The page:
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Bishop Koenig recalls Pope Benedict XVI’s faith, humility, love for God at memorial Mass in Wilmington: Photo gallery

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WILMINGTON — Bishop Koenig remembered the late Pope Benedict XVI for his faith, humility and love for God in a memorial Mass at the Cathedral of St. Peter in Wilmington on Jan. 4. The former pontiff died Dec. 31 in Vatican City at the age of 95.

Several priests and seminarians joined Bishop Koenig and Bishop Emeritus W. Francis Malooly for the noontime Mass. The church’s bells tolled 95 times leading up to the service, once for each year of Benedict’s life.

“We give thanks to God for the gift of life that was given over 95 years ago to Joseph Aloisius Ratzinger,” Bishop Koenig said. Benedict “used his gifts so faithfully, humbly and lovingly to serve God and the church.”

Bishop Koenig touched on each of those aspects of Benedict’s life during his homily through the faint haze and scent of incense. Through his articles, messages, exhortations, books and homilies, Benedict understood that faith and reason “are not opposed to each other, but, in his words, are natural allies.”

Pope Francis issued his first encyclical several months after succeeding Benedict in 2013. Pope Francis said his text was largely based on work Pope Benedict had done and made available to him. A central figure in the encyclical is Abraham, who does not see God but hears his voice. Benedict, Bishop Koenig said, listened to God’s voice.

At his final papal audience in February 2013, Benedict talked about hearing that voice. The pope, according to Bishop Koenig, said, “And now eight years later, I can say that the Lord has truly led me. He has been close to me. I have been able to perceive his presence today.”

The church, the pope said that day, has highs and lows, and Pope Benedict felt like St. Peter in a boat on the Sea of Galilee. There are days when the catch is abundant, and others when the seas are rough.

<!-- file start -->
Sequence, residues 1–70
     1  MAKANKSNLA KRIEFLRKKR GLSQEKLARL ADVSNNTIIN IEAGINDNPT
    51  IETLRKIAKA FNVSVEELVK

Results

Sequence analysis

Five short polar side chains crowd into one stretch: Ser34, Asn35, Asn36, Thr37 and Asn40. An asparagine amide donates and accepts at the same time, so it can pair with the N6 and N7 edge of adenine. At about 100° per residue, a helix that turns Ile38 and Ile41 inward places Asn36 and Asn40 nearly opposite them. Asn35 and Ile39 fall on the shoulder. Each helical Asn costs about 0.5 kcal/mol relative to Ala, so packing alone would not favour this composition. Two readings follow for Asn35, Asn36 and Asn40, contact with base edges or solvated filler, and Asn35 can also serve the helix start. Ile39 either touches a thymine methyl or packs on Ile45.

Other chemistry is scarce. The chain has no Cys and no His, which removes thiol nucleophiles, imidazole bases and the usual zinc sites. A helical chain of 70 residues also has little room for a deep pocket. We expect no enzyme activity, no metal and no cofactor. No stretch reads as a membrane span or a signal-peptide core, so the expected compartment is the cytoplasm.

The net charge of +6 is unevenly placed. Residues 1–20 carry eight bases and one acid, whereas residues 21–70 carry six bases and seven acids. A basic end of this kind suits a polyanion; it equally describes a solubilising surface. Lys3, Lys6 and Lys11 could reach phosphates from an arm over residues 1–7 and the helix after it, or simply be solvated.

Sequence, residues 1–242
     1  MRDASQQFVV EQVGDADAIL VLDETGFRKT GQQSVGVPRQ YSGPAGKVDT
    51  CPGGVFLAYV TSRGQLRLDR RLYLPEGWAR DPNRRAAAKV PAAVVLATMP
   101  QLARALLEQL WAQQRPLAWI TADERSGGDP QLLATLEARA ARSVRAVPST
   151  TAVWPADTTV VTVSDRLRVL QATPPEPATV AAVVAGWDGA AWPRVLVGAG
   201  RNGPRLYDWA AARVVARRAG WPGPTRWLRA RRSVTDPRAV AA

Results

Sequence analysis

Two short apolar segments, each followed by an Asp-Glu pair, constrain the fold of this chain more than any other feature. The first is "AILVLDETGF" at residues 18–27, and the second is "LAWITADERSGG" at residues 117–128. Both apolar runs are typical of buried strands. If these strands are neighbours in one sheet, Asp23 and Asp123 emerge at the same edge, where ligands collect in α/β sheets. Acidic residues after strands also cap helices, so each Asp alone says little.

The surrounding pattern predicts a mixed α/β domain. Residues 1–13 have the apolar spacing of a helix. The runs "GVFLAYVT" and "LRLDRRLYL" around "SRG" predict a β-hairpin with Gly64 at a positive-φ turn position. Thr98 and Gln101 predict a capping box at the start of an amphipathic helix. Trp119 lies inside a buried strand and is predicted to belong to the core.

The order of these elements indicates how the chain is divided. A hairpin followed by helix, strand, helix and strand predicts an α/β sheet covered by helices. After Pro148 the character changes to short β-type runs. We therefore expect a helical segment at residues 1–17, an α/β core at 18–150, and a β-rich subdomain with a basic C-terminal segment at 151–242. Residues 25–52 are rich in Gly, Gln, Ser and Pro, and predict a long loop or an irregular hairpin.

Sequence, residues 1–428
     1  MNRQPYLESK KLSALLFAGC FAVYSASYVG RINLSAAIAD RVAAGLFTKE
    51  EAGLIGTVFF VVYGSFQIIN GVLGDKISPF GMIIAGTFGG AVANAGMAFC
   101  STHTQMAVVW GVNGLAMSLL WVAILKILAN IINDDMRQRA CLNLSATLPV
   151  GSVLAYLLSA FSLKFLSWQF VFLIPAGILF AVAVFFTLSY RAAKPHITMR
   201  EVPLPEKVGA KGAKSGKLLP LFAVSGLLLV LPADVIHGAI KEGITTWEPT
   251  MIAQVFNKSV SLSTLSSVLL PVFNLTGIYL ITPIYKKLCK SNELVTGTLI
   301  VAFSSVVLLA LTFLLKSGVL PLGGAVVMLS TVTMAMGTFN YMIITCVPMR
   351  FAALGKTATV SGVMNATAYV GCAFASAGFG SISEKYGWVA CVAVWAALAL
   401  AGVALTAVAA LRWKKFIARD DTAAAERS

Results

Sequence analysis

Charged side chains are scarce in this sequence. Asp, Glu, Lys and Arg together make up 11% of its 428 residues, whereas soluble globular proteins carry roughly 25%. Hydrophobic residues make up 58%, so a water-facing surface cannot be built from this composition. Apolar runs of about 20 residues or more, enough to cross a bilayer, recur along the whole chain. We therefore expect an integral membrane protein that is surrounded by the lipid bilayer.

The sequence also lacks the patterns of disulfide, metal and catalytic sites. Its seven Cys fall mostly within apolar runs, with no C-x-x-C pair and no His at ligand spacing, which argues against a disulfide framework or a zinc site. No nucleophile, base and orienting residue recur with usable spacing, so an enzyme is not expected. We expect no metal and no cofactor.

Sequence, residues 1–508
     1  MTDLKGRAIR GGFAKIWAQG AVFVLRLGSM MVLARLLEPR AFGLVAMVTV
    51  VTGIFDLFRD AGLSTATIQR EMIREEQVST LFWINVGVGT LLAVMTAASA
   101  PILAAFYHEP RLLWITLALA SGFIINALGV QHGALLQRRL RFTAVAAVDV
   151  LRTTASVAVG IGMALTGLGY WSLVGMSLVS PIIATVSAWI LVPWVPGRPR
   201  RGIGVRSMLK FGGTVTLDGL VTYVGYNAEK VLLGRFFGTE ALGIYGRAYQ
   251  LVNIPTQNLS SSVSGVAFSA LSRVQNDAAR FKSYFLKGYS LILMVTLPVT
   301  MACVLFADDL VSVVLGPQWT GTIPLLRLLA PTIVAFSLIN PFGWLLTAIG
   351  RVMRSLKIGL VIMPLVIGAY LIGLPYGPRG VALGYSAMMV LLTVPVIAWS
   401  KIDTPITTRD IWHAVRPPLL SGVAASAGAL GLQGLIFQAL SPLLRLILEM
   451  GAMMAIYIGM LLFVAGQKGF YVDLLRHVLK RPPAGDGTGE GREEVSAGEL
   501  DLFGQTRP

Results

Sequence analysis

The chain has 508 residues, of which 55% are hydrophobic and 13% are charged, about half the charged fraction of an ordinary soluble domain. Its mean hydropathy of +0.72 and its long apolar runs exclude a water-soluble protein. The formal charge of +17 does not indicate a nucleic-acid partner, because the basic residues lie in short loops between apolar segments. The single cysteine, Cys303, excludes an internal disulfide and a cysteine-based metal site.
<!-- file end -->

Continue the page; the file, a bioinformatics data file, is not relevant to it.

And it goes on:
“I have always known that the Lord is in that boat,” Bishop Koenig quoted Pope Benedict as saying.

Bishop Koenig, talking about the late pope’s humility, recalled that then-Cardinal Ratzinger preferred he not be selected to succeed Pope John Paul II in 2005, but that was not God’s plan, the bishop said. Once he was selected, however, he appeared in the central loggia of St. Peter’s Basilica and called himself “a simple, humble laborer in the vineyard of the Lord.”

That reminded Bishop Koenig of St. Joseph, the adopted father of Jesus. Like St. Joseph, much of Benedict’s life centered on caring for the church.

The final point of the homily addressed Pope Benedict’s love for God. Bishop Koenig said encounters with Christ often give our lives a new horizon and a definite direction.

When Pope Benedict was a youngster in Germany, he was conscripted into the Nazi army. He wrote about his decision to desert despite the risks associated with leaving. Benedict knew that he could be executed if he was caught. One day, while walking down a road, he was stopped by Nazi soldiers, but they let him go because his arm was in a sling, so they told him to go heal.

“Thank God they were ones who had enough of war and did not want to become murderers,” Pope Benedict wrote years later.

His experiences informed his teaching. “He spoke very clearly, warning us as a people of God of the dictatorship of relativism, not to be co-opted by the world around him,” Bishop Koenig said.

“May we be strengthened to grow in our love of God by Benedict’s example.”